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US, China resume talks to end trade war

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Press Trust of India Beijing
China and the US on Friday resumed their negotiations to end the trade war amid a bitter spat between them over Beijing's trillion-dollar Belt and Road Initiative (BRI) projects which Washington said have national security element and less of an economic offer for host countries.
Top US and Chinese trade officials have been holding a series of talks to end the tariff war between the world's two largest economies, kicked off by US President Donald Trump last year who demanding Beijing to reduce the USD 375 billion trade deficit, protection of intellectual property rights (IPR) technology transfer and more access to American goods in to China's markets.
Trump has already increased the tariffs on over USD 250 billion Chinese exports to the US and threatened to extend it on USD 200 billion Chinese imports to 25 per cent.
He, however, held back his threat to impose additional tariffs on the rest of Chinese imports after Trump and Chinese President Xi Jinping agreed to a truce in December last year, during the G20 Summit in Argentina. The US and Chinese officials stepped up talks to finalise a deal.
On Friday, both sides resumed trade talks here, giving another push to their high-stakes negotiations to end their months-long tariff war.
Chinese Vice-Premier Liu He met US Trade Representative Robert Lighthizer and US Treasury Secretary Steven Mnuchin at the Diaoyutai State Guesthouse in the Chinese capital, after the two sides kick-started the talks over a working dinner on Thursday in a clear effort to speed up negotiations.
As the US delegation left their hotel earlier in the day, Mnuchin said they had a "very productive" working dinner on Thursday evening.
"A full day of intense negotiations has been scheduled on Friday to cover as much ground as possible. Issues identified included the protection of intellectual property rights, government subsidies for state-owned enterprises, trade barriers, market access and the US' trade deficit with China," the Hong Kong-based South China Morning Post reported.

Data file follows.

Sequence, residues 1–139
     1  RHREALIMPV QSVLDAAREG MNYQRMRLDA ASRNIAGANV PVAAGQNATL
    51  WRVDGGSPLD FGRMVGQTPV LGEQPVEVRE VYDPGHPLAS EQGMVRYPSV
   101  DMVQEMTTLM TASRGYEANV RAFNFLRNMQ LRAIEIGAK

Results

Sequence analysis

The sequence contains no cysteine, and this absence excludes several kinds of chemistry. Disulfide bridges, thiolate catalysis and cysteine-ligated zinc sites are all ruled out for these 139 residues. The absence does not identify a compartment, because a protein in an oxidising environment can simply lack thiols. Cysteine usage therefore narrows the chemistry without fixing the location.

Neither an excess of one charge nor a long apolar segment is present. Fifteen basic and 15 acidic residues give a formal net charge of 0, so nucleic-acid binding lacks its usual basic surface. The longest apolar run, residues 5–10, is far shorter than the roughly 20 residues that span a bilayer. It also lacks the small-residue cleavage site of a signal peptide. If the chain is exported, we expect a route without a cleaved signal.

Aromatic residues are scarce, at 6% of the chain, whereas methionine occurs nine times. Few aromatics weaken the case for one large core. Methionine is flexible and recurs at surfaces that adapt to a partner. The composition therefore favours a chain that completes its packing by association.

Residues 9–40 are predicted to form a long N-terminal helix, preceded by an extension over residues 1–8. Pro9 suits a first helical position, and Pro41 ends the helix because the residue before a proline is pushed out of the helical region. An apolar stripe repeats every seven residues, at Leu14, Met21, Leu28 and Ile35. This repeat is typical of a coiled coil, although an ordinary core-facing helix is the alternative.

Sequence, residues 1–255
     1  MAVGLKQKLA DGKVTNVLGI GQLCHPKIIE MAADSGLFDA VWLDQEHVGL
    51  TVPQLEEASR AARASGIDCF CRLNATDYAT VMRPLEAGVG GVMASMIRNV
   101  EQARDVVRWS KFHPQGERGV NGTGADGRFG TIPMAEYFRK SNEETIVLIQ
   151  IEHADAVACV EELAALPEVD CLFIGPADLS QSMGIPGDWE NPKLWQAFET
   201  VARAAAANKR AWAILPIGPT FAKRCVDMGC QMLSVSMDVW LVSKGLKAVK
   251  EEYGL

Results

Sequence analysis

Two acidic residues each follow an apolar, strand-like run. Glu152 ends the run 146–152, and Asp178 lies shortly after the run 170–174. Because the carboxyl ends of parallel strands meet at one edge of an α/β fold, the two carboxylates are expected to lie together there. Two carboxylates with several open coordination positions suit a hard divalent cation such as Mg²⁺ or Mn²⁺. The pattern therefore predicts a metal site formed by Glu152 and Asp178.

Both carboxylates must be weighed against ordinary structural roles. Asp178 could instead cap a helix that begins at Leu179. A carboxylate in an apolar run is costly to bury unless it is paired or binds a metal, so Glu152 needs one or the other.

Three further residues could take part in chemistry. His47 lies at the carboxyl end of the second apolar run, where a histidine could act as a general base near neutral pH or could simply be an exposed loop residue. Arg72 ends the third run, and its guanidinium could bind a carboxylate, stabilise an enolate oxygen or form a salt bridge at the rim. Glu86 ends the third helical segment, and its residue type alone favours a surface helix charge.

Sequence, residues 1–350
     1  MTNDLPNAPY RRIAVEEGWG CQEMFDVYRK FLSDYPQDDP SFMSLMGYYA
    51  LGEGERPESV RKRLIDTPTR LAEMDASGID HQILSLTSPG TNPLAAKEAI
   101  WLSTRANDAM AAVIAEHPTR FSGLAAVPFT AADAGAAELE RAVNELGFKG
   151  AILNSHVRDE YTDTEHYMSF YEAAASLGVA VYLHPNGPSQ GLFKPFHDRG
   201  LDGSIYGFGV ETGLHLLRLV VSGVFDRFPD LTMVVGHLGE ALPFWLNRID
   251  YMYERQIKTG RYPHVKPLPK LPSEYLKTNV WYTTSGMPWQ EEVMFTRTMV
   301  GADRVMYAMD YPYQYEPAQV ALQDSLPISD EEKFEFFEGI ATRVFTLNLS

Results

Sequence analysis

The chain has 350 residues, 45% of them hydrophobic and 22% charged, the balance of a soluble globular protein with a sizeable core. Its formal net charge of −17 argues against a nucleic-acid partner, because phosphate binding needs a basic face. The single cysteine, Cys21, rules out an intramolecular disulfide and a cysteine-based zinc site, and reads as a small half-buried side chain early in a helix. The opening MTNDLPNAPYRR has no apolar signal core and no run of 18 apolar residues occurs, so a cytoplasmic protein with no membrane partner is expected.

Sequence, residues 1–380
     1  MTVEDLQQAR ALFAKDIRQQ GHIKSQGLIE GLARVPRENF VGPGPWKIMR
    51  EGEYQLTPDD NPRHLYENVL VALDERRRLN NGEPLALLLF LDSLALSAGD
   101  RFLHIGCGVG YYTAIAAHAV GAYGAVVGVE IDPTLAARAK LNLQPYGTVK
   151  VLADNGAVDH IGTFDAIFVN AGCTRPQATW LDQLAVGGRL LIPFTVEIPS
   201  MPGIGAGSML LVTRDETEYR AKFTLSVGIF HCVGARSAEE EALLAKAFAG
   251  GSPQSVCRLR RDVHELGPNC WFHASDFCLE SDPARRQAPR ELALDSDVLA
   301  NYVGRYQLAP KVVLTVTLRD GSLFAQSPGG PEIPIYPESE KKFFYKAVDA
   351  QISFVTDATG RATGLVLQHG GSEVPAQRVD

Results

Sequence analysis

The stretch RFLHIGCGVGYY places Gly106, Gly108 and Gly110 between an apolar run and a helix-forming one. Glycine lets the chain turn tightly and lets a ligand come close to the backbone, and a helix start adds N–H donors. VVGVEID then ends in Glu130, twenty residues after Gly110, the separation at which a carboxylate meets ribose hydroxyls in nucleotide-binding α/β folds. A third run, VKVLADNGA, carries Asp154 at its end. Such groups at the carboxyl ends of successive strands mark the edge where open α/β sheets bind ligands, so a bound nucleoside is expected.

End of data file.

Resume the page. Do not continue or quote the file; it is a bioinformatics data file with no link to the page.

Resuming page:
White House Economic Adviser Larry Kudlow said on Thursday that the Trump administration was prepared to stretch the talks for "months" and Washington was in no rush to resolve the conflict.
"We are getting close, but we are not there yet," Kudlow said.
As they resumed talks, both sides, however, traded charges over the BRI, President Xi's signature initiative to fund infrastructure development abroad to expand China's influence.
Chinese infrastructure and connectivity projects around the world have an element of "national security" and are less of an economic offer for host countries, US Secretary of State Mike Pompeo said as Beijing is gearing to host the second Belt and Road Forum.
Pompeo Thursday told a Washington audience that China poses security threat to the US, its friends and allies.
"They are moving into the South China Sea is not because they want freedom of navigation. Their efforts to build ports around the world aren't because they want to be good shipbuilders and stewards of waterways, but rather they have a state national security element to each and every one of them," Pompeo said.
The Belt and Road Initiative is no different, he asserted.
Refuting the allegations, Chinese Foreign Ministry spokesman, Geng Shuang told a media briefing here that "for some time, it seems that some US politicians cannot go anywhere without attacking China, tarnishing China's reputation, and sensationalising the so-called "China threat".
"They frame China's development assistance as a 'debt trap' and accuse Chinese enterprises of spying with trumped-up charges. These actions are extremely immoral and unfair," he said.
"I want to stress that a lie, even repeated a thousand times, will still be a lie. Certain people in the US should not overestimate the effectiveness of their rumour-mongering or underestimate other people's ability to make informed judgments," he said.
He said, both Italy and Luxemburg have signed up to BRI which is backed 150 countries and international organisations.
Preparations are underway for the second Belt Road Forum (BRF) to be held here next month to highlight the achievements of BRI, he said.
India did not attend the first BRF held in 2017 and signalled to boycott the second BRF over its objections on the China-Pakistan Economic Corridor.
"To be honest, we have made no secret of our views and our position on BRI is clear and consistent and one that we have conveyed to the authorities concerned, India's Ambassador to China Vikram Misri told the Chinese state-run daily Global Times recently.
"Above all, connectivity initiatives must be pursued in a manner that respects sovereignty, equality and territorial integrity of nations. No country can participate in an initiative that ignores its core concerns on sovereignty and territorial integrity," he said.

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First Published: Mar 29 2019 | 7:00 PM IST

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